Speaker: Naomi Appleton (Edinburgh) & Chris Jones (Cambridge)
When: Thursday, May 5, 2022
Venue: Auditorium 1, Jan Broeckx, Blandijnberg 2, 9000 Gent – Ghent University
This lecture is part of Ghent Centre for Buddhist Studies lecture series Permanent Training in Buddhist Studies.
In the famous Lotus Sūtra parable of the burning house, the father promises his three sons three types of vehicle with which they can play, in order to get them to leave the building. When they get outside, their gifts are identical. As any student of Buddhism knows, the three vehicles represent the three ways to reach liberation in early Buddhism: the bodhisattva path leading to full and perfect buddhahood; the path of the śrāvaka or “hearer”, leading to arhatship; and the vehicle that leads to becoming a pratyekabuddha, an independent or solitary buddha. The one vehicle is, of course, the Mahāyāna or “Great Vehicle”. This parable paints a simple picture of the three vehicles of mainstream Buddhism being supplanted by the all-encompassing Mahāyāna, and this has been much repeated in scholarly literature. This paper, which emerges from a collaborative project funded by the UK Arts and Humanities Research Council, offers a more complicated assessment of early Buddhist accounts of paths, vehicles and buddhas, with a focus on Indian narrative literature on both sides of the Mahāyāna divide. Was the idea of three paths or vehicles really taken for granted in non-Mahāyāna contexts? And how do Mahāyāna sources make sense of these categories of liberation as they seek to offer new perspectives? By exploring a range of narrative literature that engages these debates, we shed new light on ideas about buddhahood, and on the role of these ideas in the distinction between Mahāyāna and non-Mahāyāna thought.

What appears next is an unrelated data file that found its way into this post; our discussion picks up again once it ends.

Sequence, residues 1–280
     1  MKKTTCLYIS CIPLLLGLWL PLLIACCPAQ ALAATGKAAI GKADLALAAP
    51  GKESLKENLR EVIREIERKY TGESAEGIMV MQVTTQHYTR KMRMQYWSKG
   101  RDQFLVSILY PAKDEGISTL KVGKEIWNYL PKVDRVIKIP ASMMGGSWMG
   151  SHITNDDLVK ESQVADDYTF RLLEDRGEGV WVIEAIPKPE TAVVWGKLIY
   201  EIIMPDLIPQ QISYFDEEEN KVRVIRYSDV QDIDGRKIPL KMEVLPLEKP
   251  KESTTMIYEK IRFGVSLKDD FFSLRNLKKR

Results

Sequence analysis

Speaker: Naomi Appleton & Chris Jones